In an incredibly frustrating move this past week, the Maryland State Board of Education rejected the possibility of opting out of standardized PARCC testing for Maryland students. Including special education students.
Now, the Yokels have made no secret that we don’t think Cindy Rose’s candidacy is anything special in itself. Over testing of students and onerous curriculum restrictions that impede teachers’ efficacy in their classrooms are concerns shared by absolutely all of the school board candidates running for election in 2016, even if Rose is much angrier and more aggressive in the tone she takes. This issue simply does not make her special enough to stand out from the pack –at least not in any positive light.
That said, just as we criticized her willingness to paint the special education students with a broad brush that could prevent their achievement, this criticism is equally true of the state board’s position. There appears to be absolutely no reason for it, according to the FNP’s editorial from April 30, 2016.
But looking at the statistics of students aged 6 to 21 served under IDEA, it appears unlikely that offering the opt-out option to the parents of severely mentally impaired students would threaten federal funding. According to the Maryland Board of Education’s own Fact Book for 2013-2014, which contains enrollment statistics, 102,578 students were in special education out of a total population of 866,169. Of those, 30,876 were classified with specific learning disabilities — about 3.6 percent of the total school population; 8,095 were classified as having developmental delays. While the fact book doesn’t outline specific details of how many severely mentally disabled students are served statewide, it’s hard to imagine they comprise more than a fraction of that 3.6 percent, and that not testing them would come close to violating that federally required 95 percent.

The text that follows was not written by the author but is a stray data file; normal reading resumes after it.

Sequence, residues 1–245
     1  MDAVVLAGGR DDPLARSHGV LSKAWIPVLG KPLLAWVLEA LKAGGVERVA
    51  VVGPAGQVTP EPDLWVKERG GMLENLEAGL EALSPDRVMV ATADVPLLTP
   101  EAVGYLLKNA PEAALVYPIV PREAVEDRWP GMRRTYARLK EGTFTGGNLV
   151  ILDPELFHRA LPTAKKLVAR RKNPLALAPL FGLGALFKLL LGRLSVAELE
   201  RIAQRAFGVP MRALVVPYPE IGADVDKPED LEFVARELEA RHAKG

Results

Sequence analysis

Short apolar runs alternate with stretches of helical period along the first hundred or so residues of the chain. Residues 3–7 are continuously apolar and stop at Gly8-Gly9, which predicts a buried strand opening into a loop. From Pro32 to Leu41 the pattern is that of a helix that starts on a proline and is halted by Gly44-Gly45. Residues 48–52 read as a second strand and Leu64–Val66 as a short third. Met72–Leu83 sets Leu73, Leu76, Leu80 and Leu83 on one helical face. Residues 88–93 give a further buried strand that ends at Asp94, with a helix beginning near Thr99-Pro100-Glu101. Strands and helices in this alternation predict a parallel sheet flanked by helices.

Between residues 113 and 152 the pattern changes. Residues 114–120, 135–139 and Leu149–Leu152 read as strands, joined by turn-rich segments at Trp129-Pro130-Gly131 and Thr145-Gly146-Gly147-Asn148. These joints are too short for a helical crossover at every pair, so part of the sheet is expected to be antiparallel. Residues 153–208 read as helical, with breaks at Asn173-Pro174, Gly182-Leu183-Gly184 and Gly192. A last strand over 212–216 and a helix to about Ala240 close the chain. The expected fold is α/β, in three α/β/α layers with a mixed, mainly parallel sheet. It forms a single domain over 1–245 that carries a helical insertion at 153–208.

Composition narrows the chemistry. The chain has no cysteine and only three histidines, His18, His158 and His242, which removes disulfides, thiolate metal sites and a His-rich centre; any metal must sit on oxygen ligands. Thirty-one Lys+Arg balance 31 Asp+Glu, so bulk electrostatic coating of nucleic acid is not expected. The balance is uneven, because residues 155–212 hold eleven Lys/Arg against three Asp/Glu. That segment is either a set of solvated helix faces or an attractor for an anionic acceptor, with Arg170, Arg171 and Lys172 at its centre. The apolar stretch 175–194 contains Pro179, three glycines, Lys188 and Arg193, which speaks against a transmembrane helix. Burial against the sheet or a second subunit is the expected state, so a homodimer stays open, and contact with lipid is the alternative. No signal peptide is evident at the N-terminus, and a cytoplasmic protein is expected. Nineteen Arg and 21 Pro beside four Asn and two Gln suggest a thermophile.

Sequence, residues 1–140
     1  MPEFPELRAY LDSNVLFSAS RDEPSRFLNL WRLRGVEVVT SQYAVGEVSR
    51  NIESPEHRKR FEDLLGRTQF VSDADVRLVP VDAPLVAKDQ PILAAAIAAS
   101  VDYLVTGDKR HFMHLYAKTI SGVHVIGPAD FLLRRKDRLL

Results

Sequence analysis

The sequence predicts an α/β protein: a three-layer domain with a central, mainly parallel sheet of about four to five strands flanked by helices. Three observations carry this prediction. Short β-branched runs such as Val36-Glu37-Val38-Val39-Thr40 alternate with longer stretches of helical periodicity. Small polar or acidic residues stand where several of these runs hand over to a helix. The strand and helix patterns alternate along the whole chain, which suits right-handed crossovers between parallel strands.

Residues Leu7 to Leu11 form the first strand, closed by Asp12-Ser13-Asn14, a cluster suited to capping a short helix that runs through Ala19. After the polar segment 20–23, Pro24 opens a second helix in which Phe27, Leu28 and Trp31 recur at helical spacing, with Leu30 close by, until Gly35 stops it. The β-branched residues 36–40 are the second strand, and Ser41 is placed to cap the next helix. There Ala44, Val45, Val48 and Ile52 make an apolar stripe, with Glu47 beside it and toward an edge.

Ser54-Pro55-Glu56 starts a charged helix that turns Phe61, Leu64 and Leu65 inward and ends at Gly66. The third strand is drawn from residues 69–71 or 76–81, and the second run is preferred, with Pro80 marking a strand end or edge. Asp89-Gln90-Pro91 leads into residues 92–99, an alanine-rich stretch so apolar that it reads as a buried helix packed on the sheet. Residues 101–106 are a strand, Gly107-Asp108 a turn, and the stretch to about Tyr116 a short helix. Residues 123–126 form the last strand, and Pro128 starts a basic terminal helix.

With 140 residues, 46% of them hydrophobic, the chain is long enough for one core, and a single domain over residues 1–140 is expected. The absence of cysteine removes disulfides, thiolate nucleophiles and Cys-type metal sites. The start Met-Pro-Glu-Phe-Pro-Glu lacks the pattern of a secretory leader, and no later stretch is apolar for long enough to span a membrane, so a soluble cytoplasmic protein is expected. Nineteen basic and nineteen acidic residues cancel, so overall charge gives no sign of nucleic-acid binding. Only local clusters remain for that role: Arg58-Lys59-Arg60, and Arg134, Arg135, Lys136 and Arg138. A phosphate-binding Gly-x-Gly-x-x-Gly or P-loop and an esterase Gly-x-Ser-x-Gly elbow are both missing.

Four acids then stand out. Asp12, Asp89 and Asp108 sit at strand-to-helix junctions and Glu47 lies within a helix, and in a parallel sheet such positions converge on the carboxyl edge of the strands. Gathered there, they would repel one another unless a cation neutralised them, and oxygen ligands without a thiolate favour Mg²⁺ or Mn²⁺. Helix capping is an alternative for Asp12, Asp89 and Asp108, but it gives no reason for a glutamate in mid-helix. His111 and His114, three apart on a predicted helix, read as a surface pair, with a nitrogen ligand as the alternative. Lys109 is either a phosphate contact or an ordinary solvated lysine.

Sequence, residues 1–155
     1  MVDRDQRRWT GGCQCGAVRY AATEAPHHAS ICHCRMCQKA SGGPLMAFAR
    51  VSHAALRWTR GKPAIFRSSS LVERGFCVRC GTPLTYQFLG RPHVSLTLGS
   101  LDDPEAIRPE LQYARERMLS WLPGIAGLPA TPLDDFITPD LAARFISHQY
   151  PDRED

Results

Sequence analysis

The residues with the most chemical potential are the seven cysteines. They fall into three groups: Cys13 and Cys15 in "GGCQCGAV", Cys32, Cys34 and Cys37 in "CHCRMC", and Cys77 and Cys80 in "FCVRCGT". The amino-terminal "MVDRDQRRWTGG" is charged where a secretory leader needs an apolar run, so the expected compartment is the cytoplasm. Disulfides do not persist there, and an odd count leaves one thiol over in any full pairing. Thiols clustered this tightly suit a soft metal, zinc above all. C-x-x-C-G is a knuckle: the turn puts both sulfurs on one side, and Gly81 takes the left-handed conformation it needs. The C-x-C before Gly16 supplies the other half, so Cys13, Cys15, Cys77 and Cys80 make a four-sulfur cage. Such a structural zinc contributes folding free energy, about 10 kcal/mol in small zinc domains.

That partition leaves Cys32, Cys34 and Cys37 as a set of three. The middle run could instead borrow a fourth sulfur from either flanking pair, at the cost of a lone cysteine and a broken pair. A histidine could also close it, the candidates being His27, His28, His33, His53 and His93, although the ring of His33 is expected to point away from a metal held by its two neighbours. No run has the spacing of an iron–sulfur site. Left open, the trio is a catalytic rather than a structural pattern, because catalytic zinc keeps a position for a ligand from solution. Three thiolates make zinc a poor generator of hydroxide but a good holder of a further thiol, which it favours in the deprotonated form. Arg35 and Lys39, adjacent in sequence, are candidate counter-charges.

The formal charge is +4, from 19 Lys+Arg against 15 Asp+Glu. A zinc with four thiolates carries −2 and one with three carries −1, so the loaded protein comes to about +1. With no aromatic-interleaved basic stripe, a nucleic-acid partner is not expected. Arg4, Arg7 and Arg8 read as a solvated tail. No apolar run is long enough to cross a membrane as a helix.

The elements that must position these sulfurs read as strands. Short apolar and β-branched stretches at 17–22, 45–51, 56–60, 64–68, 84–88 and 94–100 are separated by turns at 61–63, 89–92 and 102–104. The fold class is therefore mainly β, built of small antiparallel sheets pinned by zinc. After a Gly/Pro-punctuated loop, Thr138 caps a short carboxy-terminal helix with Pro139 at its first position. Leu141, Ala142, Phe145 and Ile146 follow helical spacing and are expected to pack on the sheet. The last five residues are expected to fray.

Special education and IEPs (individualized education programs) are antithetical to standardization. Individualized is not standardized. They are opposites. Why on Earth would you take a child receiving highly individualized services, and then try to make them function in a standardized situation? It defies reason. Wasting the time it takes to administer tests simply so they can check the “done” box when you are working with a student whose learning objectives have nothing whatsoever to do with the test is the very definition of absurdity.
We do wish that Mrs. Rose would take up her issue with the Maryland State Board of Education. They appear to need someone to come along and rattle their cage, and she seems like just the lady for a bull-in-the-china-shop sort of task. Maybe she can teach them a thing or two about the meanings of words (but lets keep the four letter ones she likes so much out of it). If she comes back to town with some educational experience to put on her resume, that might have a great outcome for everyone invested in Frederick County Public Schools.
One thought on “Special education (or, why don’t words have meaning?)”
I don’t think she really wants to put in any effort aside from being a loudmouth.